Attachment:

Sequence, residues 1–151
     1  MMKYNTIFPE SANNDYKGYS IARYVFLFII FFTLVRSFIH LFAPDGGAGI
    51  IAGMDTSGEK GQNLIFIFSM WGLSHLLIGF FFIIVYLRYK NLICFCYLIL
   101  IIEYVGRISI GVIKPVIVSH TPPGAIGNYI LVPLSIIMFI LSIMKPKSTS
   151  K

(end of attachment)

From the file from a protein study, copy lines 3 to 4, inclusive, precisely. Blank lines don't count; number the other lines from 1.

    51  IAGMDTSGEK GQNLIFIFSM WGLSHLLIGF FFIIVYLRYK NLICFCYLIL
   101  IIEYVGRISI GVIKPVIVSH TPPGAIGNYI LVPLSIIMFI LSIMKPKSTS